In B2B, It’s All About the Marketing Offer
Assuming that you have a quality product or service, with a compelling value proposition, aimed at the right target audience, the marketing offer will be a key difference in your success (or lack thereof). So what do I mean by offer?
In simple terms, a marketing offer is what you propose to give to the prospect, and what you are asking for in return. The offer is the “What’s in it for me?” part of the marketing equation. How do you know if you have an effective offer?
Here are the six criteria every B2B Marketing offer should meet:
- It works. Unless the offer achieves the intended results, it is not a good offer.
- It is compatible with your organization’s positioning statement. Offers that are not compatible may generate short-term results but be counterproductive in the long term.
- It is compelling enough to cut through the marketplace clutter and your prospect’s preoccupation. The average consumer is exposed to up to 3,000 promotional messages per week. You must have an offer that stands out clearly to overcome this barrage.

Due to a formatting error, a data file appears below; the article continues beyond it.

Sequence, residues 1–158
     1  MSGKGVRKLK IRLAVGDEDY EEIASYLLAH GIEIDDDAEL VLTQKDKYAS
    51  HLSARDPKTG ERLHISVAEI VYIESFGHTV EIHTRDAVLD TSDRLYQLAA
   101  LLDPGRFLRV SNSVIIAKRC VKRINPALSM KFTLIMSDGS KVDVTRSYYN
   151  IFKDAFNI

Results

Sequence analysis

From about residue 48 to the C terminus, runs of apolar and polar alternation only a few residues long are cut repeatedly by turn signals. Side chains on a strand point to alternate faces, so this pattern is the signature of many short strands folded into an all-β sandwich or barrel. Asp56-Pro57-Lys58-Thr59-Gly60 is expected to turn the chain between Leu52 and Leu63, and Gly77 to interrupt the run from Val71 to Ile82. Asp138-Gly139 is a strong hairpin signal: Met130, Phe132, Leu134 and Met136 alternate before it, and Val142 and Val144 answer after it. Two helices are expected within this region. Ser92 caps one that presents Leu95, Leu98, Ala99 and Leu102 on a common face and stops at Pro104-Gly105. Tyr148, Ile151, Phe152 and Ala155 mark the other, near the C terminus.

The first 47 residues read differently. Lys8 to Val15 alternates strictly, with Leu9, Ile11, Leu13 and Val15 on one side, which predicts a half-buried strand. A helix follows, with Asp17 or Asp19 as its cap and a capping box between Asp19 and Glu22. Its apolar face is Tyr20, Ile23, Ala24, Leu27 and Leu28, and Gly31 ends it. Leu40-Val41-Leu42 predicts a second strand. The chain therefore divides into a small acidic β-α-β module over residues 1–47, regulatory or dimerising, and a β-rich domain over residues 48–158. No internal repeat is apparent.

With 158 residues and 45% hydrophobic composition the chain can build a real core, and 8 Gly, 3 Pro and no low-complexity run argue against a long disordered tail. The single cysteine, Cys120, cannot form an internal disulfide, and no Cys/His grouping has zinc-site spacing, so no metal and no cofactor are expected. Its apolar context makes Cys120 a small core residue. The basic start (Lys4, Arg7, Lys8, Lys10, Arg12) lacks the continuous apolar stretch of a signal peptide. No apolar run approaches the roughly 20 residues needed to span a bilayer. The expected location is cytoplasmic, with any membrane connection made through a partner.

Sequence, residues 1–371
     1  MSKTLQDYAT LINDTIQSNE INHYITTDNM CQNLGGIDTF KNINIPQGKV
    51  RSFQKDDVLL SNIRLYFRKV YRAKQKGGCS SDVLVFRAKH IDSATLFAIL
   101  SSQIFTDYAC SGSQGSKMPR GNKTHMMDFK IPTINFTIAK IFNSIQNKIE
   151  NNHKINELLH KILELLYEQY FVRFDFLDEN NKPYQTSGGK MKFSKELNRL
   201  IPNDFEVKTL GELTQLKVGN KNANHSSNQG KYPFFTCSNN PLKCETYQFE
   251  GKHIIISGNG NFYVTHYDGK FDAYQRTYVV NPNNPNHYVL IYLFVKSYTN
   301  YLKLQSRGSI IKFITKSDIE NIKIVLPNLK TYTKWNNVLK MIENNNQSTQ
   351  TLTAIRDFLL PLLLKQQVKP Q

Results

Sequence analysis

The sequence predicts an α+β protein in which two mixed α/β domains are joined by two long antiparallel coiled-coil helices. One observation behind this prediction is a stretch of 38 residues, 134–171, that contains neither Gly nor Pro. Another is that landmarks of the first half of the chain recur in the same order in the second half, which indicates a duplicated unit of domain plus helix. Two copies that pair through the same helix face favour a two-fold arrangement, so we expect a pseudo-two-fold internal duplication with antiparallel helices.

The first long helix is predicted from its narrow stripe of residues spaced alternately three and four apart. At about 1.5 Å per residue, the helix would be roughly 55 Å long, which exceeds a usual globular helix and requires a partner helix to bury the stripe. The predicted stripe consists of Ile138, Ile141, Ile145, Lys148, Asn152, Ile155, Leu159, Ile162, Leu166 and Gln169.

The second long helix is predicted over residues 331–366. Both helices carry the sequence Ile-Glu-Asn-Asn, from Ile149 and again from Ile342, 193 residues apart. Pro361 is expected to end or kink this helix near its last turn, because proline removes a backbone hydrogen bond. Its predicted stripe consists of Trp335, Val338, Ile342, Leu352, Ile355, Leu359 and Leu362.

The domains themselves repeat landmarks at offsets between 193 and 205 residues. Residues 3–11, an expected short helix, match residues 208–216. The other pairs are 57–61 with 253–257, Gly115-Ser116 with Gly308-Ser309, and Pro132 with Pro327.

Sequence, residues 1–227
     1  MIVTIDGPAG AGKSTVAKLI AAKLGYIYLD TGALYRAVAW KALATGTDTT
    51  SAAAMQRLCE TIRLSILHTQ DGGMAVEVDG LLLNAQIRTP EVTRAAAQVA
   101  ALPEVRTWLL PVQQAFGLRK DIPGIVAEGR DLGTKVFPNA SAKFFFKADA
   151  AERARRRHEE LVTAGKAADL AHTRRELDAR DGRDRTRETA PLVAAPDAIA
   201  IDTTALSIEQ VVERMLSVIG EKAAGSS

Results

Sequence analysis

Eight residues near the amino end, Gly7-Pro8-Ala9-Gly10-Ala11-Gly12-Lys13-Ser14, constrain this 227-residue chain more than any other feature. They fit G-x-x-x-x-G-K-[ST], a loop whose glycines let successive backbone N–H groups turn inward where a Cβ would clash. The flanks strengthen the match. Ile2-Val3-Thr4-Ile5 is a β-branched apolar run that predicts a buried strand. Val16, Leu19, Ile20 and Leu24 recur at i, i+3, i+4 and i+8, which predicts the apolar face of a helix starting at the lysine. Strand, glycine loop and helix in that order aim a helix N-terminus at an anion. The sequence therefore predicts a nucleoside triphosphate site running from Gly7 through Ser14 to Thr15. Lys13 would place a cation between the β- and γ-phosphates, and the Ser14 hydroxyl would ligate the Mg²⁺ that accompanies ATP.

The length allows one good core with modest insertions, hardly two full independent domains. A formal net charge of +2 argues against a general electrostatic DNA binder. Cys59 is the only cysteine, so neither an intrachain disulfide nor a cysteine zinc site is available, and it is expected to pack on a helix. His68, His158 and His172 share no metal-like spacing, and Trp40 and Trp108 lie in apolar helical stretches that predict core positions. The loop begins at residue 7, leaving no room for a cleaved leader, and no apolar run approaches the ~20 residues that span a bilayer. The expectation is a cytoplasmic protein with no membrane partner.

- It is targeted at exactly the right audience. For instance, employees are motivated by offers that help them get promoted, build their work spheres of influence, and make their jobs easier or faster. Upper management is motivated by increased sales, lower costs, and saving time.
- It is aimed at the proper stage of the sales cycle. For example, information offers are used for prospects that are in the information-gathering stage, and pricing offers are used when prospects are in the purchasing phase.
- It is powerful enough to demand immediate attention from the prospect. If possible, the offer should be tied to a strong call to action that shouts, “Take advantage of this offer right now.”
The type of B2B Marketing offer you use should be based on the objectives of your program. If you are selling a high-ticket or complex product, or if you need to make a personal sales call to finalize a transaction, you should choose an offer geared to sales lead generation. Conversely, if you are promoting a low-ticket, non-complex item via online, phone, or mail, you will use a different type of offer.